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Sunstorm (A Time Odyssey, Book 2) by Arthur C. Clarke & Stephen Baxter
Review by Ernest Lilley
Del Rey Hardcover  ISBN/ITEM#: 034545250X
Date: 29 March, 2005 List Price $25.95 Amazon US / Amazon UK / Show Official Info /

The second book in the Clarke/Baxter Time Odyssey series is every bit as good as the first, which was excellent, but in completely different ways.

In the first book, samplings of humans from different era's all suddenly find themselves on a temporal patchwork Earth thrown together by the roll of some vast die. A conflict shapes up in the Asian desert where forces led by Genghis Khan meet British soldiers (Kipling is along for the ride) in Constantinople and the dogs of war are indeed loosed.

At the end of that book, one of the main characters, a UN observer, finds herself transported back to the world she was snatched from, though deposited in her London flat rather than the Afghanistan battlefield she had left from. She's a bit dazed by it all and tries to figure it out while events unfold around her.

The sun is acting a bit odd it turns out, and the only person who has a clue is an erratic astrophysicist on the other side of the moon. He's a genius with a tenuous connection to humanity, but fortunately for us his grip on the inner workings of the sun is solid. Unfortunately, what he realizes is that in a matter of months, or a few short years at most, the sun will flare up with such intensity that all life on Earth will be wiped out. Neatly sterilized by some cosmic hand.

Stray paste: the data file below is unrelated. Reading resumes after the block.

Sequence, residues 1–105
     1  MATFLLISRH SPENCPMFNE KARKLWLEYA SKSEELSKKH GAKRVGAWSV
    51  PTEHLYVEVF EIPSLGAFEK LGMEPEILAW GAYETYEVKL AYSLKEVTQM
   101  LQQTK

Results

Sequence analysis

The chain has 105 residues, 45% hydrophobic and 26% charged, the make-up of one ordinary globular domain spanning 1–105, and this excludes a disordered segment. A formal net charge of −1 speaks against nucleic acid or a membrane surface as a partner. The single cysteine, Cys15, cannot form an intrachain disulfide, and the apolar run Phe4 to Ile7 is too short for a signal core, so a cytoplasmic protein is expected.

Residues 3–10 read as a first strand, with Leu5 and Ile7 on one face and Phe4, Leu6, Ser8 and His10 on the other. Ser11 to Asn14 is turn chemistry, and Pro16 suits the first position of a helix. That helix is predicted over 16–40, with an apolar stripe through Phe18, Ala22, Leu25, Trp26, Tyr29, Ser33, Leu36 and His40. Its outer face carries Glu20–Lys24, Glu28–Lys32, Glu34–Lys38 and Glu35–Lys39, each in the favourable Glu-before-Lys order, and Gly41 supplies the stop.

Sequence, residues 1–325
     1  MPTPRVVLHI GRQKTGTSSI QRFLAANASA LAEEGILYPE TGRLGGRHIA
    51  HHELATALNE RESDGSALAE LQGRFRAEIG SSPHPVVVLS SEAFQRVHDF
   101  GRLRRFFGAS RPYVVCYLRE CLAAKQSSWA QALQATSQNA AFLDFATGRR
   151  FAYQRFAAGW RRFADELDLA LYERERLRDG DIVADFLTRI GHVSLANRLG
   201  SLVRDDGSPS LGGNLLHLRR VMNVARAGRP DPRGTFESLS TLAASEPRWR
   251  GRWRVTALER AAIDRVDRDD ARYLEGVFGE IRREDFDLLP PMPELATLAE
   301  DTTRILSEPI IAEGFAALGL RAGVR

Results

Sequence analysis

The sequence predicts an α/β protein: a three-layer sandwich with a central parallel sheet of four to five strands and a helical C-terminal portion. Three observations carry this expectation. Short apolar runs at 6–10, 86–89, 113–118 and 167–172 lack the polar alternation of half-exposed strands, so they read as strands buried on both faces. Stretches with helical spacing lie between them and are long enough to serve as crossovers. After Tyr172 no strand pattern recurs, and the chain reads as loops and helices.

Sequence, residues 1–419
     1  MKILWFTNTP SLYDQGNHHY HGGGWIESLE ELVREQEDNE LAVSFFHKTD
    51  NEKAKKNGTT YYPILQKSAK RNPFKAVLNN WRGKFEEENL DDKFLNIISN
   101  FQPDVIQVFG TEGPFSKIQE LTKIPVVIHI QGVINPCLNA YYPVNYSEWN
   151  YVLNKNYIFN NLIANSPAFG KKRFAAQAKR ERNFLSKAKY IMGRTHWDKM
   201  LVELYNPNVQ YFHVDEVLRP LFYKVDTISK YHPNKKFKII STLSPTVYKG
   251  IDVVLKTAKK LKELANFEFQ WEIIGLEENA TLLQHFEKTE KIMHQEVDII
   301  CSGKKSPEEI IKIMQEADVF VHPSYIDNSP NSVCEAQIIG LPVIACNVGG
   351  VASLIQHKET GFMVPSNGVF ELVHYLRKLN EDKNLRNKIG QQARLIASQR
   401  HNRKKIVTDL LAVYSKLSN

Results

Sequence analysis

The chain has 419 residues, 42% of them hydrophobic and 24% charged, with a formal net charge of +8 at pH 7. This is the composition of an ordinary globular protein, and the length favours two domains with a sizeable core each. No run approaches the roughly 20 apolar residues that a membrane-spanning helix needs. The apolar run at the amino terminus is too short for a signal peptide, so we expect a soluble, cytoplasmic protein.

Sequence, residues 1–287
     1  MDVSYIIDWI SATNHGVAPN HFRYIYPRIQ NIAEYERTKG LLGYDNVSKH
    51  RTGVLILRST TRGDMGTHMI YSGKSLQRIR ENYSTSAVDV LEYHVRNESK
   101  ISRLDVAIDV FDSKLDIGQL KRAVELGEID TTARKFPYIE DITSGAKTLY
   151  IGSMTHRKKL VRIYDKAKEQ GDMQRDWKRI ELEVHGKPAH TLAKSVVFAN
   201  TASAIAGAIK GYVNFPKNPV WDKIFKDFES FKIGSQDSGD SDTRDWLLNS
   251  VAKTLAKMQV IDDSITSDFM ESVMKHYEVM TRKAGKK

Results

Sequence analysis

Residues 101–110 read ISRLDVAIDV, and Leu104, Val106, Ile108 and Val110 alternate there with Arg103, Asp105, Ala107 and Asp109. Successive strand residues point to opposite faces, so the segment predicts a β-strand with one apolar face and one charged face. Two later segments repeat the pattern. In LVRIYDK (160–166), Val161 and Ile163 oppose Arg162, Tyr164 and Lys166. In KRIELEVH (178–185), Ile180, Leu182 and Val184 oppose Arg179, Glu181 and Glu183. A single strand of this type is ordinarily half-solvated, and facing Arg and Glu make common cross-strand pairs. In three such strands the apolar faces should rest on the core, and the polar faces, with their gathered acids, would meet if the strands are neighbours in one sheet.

But you know, Brits may go out in the noonday sun, to the amusement of the natives, but that doesn't mean they're crazy. If things get too hot, they can always unfurl that classic bit of Britishness...the umbrella.

And so it is with the oncoming sunstorm. Perhaps we can't stop it from coming, but perhaps we can shelter the Earth from the storm with the most massive space project humanity has ever considered, let alone embarked upon. Completely escaping the sun's wrath may be too much to ask for, but just surviving it might be enough to ask for.

Throughout it all we come to terms with the notion that the universe may be a hostile place and somebody might be out there waging war against us on a really big scale. Fortunately for us, we appear to have allies as well, or at least conflicted parties to the attempt to wipe us out.

I'm really looking forward to the next, and one assumes final, installment in this series, and wondering if we'll take the fight to the stars.

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